“There is a legend in African folklore about a tree that grew beside a lake. As this tree grew taller, it admired other trees on their magnificent looks, colorful flowers and large leaves. But, since it outgrew all the other trees, it couldn’t see its own reflection in the water. One day, the wind blew all of other trees’ leaves, and the tree finally saw its figure. It was not what it expected. To tell the truth, the tree looked pretty ugly. Clearly not satisfied, the tree started complaining to the God. God refused to fulfill tree’s wishes, but the tree was persistent and annoying so one day God had enough of it and pulled the tree out of the earth and planted it face-down so he wouldn’t hear its complaints anymore. And from that moment this tree was growing backward, giving it a pretty unique look. The Baobab tree we know today was born.”
There are 9 species of Baobab tree today. Six of them are native to the largest African Island, Madagascar, two species grow on the soil of continental Africa, and one is native to Australia. Baobab tree is considered to be a national tree of Madagascar.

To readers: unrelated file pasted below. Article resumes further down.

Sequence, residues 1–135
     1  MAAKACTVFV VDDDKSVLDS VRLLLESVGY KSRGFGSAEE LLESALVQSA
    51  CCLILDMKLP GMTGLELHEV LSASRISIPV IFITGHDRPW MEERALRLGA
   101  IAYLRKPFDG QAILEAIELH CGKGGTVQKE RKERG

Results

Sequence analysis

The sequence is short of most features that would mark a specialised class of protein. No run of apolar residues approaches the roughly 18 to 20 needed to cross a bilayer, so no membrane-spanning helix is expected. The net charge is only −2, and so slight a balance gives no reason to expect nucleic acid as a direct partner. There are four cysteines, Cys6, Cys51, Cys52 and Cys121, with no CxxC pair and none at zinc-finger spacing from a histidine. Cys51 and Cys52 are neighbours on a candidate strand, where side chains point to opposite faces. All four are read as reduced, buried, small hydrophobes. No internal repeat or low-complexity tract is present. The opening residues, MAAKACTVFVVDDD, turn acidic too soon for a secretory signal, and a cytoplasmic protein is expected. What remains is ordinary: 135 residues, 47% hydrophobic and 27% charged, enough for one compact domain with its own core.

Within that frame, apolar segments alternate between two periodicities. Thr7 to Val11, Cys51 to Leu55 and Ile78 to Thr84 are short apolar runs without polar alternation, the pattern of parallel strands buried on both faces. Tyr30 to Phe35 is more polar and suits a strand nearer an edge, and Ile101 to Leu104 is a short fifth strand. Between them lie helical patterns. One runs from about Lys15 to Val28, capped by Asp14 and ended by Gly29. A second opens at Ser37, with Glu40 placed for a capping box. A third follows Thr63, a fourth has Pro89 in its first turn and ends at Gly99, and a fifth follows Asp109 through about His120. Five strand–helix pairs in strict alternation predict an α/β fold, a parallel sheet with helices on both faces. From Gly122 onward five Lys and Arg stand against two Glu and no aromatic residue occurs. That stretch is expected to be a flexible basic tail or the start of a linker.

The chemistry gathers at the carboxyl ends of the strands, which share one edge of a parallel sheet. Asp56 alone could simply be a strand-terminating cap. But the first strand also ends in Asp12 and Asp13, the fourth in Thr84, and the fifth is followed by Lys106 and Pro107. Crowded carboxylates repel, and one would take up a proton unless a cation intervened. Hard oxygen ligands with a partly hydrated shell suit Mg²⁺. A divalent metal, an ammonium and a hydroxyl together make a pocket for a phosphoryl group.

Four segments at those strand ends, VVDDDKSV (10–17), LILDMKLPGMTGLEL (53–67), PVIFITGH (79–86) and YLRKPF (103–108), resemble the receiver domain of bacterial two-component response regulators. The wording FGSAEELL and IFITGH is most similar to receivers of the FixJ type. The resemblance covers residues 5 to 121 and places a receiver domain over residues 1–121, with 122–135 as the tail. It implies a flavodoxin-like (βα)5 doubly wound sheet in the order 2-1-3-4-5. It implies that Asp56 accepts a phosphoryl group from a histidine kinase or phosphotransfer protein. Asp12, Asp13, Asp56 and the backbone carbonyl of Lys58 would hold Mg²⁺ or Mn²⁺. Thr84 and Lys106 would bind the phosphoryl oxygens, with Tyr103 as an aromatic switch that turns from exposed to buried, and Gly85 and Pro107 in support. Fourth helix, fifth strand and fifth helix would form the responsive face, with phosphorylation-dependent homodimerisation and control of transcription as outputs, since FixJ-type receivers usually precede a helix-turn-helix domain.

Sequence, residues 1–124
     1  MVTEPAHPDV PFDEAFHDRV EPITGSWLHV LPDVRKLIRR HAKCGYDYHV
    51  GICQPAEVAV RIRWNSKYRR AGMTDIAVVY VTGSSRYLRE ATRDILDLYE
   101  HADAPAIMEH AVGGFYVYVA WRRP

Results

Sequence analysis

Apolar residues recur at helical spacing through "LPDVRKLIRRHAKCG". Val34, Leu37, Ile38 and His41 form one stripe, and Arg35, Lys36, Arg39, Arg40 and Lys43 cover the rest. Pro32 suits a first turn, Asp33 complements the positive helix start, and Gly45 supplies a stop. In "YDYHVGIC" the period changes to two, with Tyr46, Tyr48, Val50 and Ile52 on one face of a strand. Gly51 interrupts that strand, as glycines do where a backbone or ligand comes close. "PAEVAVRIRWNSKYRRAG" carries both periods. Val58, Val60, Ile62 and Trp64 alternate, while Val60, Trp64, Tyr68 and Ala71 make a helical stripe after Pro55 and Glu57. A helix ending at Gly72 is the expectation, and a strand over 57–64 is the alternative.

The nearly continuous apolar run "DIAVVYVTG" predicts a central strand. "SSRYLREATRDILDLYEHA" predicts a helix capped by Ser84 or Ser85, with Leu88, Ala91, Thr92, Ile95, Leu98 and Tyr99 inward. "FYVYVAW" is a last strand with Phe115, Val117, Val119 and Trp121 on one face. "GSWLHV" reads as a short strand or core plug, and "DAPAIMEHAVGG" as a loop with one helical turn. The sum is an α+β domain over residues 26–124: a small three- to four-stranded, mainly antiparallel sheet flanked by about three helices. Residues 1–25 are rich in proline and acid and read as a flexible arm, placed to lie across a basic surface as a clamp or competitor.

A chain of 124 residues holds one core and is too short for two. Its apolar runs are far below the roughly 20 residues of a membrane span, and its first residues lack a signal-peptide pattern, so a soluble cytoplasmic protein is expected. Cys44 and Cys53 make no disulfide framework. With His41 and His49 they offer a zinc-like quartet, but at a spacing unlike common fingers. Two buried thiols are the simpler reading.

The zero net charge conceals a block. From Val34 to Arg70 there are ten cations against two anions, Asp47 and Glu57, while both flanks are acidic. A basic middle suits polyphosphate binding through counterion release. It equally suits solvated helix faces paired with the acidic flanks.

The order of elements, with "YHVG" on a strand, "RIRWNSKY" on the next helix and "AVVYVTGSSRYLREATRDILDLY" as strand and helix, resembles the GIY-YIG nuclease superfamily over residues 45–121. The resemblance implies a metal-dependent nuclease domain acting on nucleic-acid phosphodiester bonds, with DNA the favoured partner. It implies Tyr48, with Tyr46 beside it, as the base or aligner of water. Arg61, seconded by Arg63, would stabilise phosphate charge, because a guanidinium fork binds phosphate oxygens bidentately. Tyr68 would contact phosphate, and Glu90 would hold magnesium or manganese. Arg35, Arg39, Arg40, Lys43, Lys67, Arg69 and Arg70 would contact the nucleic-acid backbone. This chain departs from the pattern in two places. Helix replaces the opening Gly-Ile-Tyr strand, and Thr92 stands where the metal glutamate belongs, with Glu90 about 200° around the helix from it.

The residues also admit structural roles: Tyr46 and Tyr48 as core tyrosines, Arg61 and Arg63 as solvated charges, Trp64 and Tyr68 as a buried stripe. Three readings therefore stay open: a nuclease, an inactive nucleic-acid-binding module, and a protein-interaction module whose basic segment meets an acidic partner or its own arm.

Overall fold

Known as the “Tree of Life,” it lives to its reputation. Baobab serves as a shelter for many animals, as well as to human travellers on their journeys through tough African terrain. The trunk of this tree can hold up to 100,000 liters of water, allowing it to survive harsh conditions and providing humans and animals with water.
The fruit of baobab tree resembles a coconut, and it is high with vitamin C. It is most commonly used to make jams and gravies in its native countries, as it serves as a great thickener. In some African countries, people use it to make beer. Though it is less known, baobab leaves are also very edible and serve many health benefits; most of which are being quickly realized by consumer’s conscious of lifestyle and wellness. In reaction, the health food market is quickly supplying many shelves of wellness stores etc. with supplements, finished food products and beverages that contain this amazing fruit extract. Experts predict a big growth of demand for baobab fruits in the future.